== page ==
And then Isaiah’s prophecy changes from describing Christ to describing the world that Christ ushers in: “Then the wolf shall be a guest of the lamb, and the leopard shall lie down with the kid; The calf and the young lion shall browse together, with a little child to guide them.” These scenes are certainly miraculous, and, importantly, they describe a world where the needs and desires of the flesh are gone. In their place, peace reigns. The fallenness of our world is no more, in fact the very “rules” under which we think the world operates are confounded. We see nothing of the instinct of hunting creatures or the incompatibility of vulnerability and ingrained predation. Isaiah shows us a deeper reality in creation where all beings share a peaceful spirit.
This scene culminates in the most frightening scene for a parent: “The baby shall play by the cobra’s den, and the child lay his hand on the adder’s lair. There shall be no harm or ruin on all my holy mountain; for the earth shall be filled with knowledge of the LORD, as water covers the sea.” And here, in the place where our human instinct to protect our young from danger merges with the from-the-gut animal instincts we see confounded in the preceding verses, we start to understand that a greater parent provides such powerful love that it conquers animal instinct itself. The Father does not permit “harm or ruin” because His essence infuses all of creation “as water covers the sea.” He perfects creation and removes all violence and conflict, simply through His being. This is the power of God and our ultimate destiny.
How seamlessly Isaiah sees the humanity of Jesus as the bud from the root of Jesse as well as His divinity as the Incarnate Word as well as His kingdom, established in and with the Father’s love that transforms humanity. What Isaiah glimpses is no less than the complete mystery of the Son of God, in his kairos moment of incarnation, life, death, resurrection, and final judgment. This is properly called the Christ Event that descends upon the world and ruptures history like nothing before or after. What an ecstatic vision for Isaiah! How could he even take it in and utter it without the grace of God?
Importantly, this is the very vision we celebrate in Advent. We await the coming not just of the babe but the Christ Event, even while we exist within the reign he began with his sacrifice and resurrection. We exist now within a thread of historical time that is superseded by and subsumed within the great Christ Event that is ongoing.
Turning our attention to today’s gospel from St. Luke, we must have Isaiah’s prophecy in mind. Recall that Isaiah’s first words about this bud from the stump of Jesse are: “The Spirit of the LORD shall rest upon him: a Spirit of wisdom and of understanding.” And how does the gospel start? “Jesus rejoiced in the Holy Spirit.” This is what Isaiah foresees! He glimpsed this and, through Isaiah, the Lord gave us the promise of Christ, who comes with the Spirit of the Lord resting upon him. The gifts of the Spirit are wisdom, understanding, counsel, strength, and knowledge and fear of the Lord. Jesus shares the wisdom and respect for the Lord that the Spirit gives him: “I give you praise, Father, Lord of heaven and earth, for although you have hidden these things from the wise and the learned you have revealed them to the childlike.” This is not the only time in the gospels that Jesus speaks of the blessedness of being childlike. What He means is the openness and naïve trust with which children typically encounter the world. Jesus’s own openness to and trust in His Father have resulted in God’s grace and gifts of the Spirit.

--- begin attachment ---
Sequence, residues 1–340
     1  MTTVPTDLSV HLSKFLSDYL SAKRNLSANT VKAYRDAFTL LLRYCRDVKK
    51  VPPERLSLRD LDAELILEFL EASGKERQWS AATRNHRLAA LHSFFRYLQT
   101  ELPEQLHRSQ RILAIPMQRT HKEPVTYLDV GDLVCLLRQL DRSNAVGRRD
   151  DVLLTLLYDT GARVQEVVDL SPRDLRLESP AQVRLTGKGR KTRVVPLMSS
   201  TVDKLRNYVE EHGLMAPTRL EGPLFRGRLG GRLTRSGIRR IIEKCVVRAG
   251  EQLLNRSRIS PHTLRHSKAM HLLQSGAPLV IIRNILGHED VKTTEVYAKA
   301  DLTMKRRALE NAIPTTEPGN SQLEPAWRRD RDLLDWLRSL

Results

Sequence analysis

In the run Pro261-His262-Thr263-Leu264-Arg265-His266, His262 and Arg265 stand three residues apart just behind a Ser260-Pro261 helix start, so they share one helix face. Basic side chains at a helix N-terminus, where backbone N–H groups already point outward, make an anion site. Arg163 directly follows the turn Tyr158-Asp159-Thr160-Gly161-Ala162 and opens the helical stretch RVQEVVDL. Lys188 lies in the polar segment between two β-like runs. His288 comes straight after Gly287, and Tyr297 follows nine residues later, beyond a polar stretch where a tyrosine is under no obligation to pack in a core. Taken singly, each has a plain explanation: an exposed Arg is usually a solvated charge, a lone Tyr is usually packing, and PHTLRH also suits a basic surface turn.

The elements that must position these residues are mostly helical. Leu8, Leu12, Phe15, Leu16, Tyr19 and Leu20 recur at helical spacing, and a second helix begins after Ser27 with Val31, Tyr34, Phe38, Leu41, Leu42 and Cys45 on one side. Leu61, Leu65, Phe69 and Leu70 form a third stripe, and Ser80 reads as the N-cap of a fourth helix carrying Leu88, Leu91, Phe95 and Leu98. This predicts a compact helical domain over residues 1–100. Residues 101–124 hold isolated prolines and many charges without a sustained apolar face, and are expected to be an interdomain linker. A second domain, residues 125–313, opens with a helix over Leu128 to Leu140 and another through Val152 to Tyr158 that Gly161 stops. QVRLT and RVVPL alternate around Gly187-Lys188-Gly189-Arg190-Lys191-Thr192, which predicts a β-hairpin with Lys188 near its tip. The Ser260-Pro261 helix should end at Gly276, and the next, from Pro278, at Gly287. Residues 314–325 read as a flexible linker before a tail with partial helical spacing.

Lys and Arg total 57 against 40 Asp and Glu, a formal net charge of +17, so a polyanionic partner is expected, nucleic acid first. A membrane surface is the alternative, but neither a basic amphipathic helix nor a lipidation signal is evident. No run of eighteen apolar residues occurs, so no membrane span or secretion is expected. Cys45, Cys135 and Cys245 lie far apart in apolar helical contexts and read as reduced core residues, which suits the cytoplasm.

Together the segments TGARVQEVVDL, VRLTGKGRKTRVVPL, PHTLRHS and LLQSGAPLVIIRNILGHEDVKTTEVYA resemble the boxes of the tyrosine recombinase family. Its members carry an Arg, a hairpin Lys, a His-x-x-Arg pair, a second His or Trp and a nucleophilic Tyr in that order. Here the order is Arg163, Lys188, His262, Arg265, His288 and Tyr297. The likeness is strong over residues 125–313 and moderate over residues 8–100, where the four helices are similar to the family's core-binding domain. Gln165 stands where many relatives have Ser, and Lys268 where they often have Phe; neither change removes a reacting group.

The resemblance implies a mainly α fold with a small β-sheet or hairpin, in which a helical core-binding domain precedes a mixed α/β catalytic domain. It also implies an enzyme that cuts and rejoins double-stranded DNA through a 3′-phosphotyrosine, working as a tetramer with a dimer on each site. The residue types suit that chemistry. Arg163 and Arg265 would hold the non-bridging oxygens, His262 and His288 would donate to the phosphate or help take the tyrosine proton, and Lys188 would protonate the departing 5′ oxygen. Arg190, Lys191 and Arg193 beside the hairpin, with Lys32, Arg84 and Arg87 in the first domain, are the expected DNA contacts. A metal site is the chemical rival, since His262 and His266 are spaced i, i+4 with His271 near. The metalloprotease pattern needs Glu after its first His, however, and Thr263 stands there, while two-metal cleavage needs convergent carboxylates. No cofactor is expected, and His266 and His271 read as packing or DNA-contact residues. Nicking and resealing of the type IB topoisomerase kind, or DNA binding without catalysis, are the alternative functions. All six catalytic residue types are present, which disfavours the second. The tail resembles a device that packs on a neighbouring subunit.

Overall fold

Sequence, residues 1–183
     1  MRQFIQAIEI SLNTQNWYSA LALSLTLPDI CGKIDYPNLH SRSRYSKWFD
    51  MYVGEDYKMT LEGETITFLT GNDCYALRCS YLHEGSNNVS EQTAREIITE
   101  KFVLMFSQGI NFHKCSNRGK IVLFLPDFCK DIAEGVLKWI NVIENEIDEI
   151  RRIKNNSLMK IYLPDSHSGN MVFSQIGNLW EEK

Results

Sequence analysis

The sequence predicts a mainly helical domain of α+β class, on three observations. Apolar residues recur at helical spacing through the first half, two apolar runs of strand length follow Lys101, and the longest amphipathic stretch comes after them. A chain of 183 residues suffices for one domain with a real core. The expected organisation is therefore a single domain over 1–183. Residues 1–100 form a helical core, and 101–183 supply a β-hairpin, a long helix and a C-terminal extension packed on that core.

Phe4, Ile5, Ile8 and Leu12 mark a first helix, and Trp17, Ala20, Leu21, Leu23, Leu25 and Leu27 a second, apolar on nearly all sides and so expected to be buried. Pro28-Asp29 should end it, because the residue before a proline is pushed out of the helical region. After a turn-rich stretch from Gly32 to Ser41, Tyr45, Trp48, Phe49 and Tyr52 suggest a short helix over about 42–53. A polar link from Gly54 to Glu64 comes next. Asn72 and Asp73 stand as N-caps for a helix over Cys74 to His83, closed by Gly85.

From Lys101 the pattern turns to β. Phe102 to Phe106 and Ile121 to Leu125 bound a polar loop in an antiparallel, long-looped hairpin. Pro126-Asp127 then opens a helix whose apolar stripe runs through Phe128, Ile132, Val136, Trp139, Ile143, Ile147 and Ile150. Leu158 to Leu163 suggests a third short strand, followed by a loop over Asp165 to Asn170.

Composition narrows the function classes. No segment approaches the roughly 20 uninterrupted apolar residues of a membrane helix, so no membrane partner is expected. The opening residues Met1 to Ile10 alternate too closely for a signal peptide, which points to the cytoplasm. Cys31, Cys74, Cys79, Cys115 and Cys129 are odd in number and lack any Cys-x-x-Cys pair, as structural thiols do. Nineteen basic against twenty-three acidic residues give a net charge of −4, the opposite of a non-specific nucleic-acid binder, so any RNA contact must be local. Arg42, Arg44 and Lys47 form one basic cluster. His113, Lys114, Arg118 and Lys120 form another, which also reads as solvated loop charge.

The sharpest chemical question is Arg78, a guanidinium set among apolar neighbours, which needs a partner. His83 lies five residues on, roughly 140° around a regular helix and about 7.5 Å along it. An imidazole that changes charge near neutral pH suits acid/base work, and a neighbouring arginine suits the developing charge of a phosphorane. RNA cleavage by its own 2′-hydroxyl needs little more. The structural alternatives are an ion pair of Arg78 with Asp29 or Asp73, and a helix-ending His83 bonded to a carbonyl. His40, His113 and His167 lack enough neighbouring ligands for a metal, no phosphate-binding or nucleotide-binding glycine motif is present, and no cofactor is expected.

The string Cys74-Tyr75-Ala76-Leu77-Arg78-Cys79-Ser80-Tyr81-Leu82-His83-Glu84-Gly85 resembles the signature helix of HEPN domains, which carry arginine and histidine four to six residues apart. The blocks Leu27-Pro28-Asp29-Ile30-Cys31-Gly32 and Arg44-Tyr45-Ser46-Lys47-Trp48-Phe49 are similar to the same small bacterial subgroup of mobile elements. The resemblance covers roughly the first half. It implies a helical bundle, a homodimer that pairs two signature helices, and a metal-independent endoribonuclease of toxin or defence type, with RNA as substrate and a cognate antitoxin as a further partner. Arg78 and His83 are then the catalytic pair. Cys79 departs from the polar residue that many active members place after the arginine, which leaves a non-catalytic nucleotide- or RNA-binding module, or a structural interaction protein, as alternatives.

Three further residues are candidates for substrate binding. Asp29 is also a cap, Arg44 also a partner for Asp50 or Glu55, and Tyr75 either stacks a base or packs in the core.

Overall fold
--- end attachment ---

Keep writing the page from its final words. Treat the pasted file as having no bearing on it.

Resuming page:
The knowledge that is given to Christ is, in part, the reciprocal nature of His own membership in the Trinity: “All things have been handed over to me by my Father. No one knows who the Son is except the Father, and who the Father is except the Son and anyone to whom the Son wishes to reveal him.” Far from being a prideful or arrogant claim (as the Chief Priests, scribes, and Pharisees might suggest), Christ is trying to share as plainly and truthfully as possible the nature of our Trinitarian God. He is unfolding the mysteries of our faith; mysteries, we must remember, that are integral to our salvation because these mysteries transform and perfect the Jewish tradition into Christianity. Everything must become Christocentric in order for his sacrifice to his Father to make sense to us, so that we can rightfully conform ourselves to the perfect human teacher bestowed upon us, who continues to grace us in the sacraments and throughout our lives.
The import of His revelation is underscored in the final verses from today’s reading: “Turning to the disciples in private he said, ‘Blessed are the eyes that see what you see. For I say to you, many prophets and kings desired to see what you see, but did not see it, and to hear what you hear, but did not hear it.'” There is a profound humility in Christ speaking about this moment in this way. He speaks deferentially to the Spirit and the Father, ascribing to the Father alone the timing and method of revealing His instrument of salvation to the world. Jesus Christ is truly remarkable for me in this moment: when the rest of us would be understandably puffed up with importance to be graced by the Spirit and to find out that we are the gatekeepers for humanity’s salvation, Christ instead offers a gracious and deferential comment to His Apostles. Blessed are you, He confirms. Not “I am one with God! Bow down and kiss my feet!” No, quite the opposite: it’s “how blessed you are to be hearing and seeing God’s unfolding revelation in the Christ Event.” (And, soon he’ll be washing their feet.) If we want an example of how base human nature is transformed by God against every fleshly instinct, here it is. “The baby shall play by the cobra’s den … and there shall be no harm or ruin.” And here our childlike Jesus Christ realizes His Kingship without succumbing to pride or power.
What can we do with such humility?? It seems like I can’t even breathe without thinking of myself. In moments when I read the scriptures and re-discover His perfection, I feel like I can never abase myself enough to be worthy of my Savior. It’s good that it’s Advent. I need time to contemplate my Lord, to remember who this man and God is, to remember that my understanding of the world is circumscribed by silly laws and rules that really have nothing to do with the kingdom God holds for us. The fact that Christ turns to His Apostles in this gospel moment – apostles who were flawed humans just like us – is our sign that He loves us as much as He loves His Father. It reminds me that God’s infinite love and forgiveness is the matrix that will transform all of creation, that it’s not about me, really, and the more I can remember that, perhaps the closer I can be to the Spirit of our Lord.